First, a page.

- Lack of cooperation: There are many instances of the sharing of data, models, and methods among healthcare providers and with the public (e.g., the Living Heart Project). But healthcare providers often compete for patients, research grants, and prestige. As a result, they sometime keep their data and their AI-related efforts to themselves.
- AI skills shortage: As with any other emerging technology field, it is difficult to find people with the right expertise and experience to do AI-related work. The new approaches to AI, especially deep learning, have started to prove their potential only five years ago. Compounding this recency problem is the need to have people with both experience with these new approaches and knowledge of the healthcare field.
- Data security: Hospitals and other healthcare organizations have increasingly become targets for ransomware attacks and have suffered data breaches. This has led to a general perception of poor data security and cybersecurity practices in the healthcare industry.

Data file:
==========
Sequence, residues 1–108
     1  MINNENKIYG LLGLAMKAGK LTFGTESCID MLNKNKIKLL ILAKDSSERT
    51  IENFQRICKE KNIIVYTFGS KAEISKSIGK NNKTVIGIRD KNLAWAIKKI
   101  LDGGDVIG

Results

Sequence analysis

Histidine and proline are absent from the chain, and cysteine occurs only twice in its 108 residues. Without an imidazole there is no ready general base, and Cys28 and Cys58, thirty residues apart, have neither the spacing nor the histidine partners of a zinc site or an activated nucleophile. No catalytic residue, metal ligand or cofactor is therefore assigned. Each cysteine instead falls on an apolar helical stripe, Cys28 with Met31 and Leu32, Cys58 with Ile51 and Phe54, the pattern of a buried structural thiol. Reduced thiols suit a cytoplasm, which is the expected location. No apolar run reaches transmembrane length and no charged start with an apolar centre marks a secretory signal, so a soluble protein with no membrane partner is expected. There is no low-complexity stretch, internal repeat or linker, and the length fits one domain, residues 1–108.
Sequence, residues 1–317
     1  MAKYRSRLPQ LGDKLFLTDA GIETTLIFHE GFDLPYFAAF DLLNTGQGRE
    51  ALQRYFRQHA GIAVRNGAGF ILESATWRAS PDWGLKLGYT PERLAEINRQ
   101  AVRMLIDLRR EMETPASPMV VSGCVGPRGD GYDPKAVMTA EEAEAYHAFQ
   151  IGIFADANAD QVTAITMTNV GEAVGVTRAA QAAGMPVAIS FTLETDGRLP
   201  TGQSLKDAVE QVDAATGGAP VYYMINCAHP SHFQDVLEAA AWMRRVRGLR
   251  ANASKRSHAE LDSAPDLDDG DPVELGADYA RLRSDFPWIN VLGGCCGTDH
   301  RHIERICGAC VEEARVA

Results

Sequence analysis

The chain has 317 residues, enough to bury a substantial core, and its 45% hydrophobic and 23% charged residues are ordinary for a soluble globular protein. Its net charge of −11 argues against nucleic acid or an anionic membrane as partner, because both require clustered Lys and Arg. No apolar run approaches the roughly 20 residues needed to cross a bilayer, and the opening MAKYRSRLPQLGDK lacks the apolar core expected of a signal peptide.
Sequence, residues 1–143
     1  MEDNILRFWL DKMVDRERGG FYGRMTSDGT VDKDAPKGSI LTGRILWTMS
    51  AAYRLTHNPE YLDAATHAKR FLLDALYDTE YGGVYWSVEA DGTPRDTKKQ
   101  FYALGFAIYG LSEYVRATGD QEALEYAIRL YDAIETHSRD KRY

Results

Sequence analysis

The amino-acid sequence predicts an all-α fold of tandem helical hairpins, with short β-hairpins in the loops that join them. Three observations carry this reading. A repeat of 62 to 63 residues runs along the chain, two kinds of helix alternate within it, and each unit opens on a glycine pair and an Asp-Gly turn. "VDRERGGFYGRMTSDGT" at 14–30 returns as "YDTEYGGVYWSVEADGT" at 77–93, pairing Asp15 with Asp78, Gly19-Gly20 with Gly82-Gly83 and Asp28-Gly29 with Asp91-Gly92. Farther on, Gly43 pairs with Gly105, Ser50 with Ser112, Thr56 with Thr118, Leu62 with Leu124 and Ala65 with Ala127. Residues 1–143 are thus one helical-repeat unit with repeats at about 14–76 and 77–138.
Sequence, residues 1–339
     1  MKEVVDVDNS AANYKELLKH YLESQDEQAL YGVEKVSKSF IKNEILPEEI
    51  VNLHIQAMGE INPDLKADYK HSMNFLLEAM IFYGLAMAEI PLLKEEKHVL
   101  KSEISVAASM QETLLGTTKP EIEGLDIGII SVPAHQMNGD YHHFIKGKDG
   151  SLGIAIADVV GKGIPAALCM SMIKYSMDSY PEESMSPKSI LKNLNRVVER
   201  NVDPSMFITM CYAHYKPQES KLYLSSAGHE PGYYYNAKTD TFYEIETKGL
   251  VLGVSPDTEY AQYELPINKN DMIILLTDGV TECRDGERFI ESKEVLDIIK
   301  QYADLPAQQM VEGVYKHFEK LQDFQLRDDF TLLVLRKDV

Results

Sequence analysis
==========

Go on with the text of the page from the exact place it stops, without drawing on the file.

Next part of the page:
- Trust: The new approaches to artificial intelligence, while remarkably successful in domains that are very important to healthcare systems such as natural language understanding and image recognition, are notorious for being “black boxes.” More often than not, it is difficult to understand how the AI system has reached its conclusions. While this may not make much of a difference when the objective is to identify a cat in a photo, it is very important when a medical diagnosis or an insurance rate are at stake.
No doubt these obstacles will slow down the progress of AI in healthcare. Still, a recent survey by Healthcare IT News and HIMSS Analytics found that 35% of healthcare organizations said that they will leverage AI within two years. Accenture estimates that key clinical health AI applications can potentially create $150 billion in annual savings for the US healthcare economy by 2026. And the McKinsey Global Institute (MGI) estimates that personalized medicine may reduce health expenditures by 5% to 9%, add 0.2 to 1.3 years to average life expectancy, and increase productivity by $200 per person annually.
Globally, says MGI, the economic impact of AI—just from personalized medicine—could range from $2 trillion to $10 trillion by 2025. That’s quite an impact.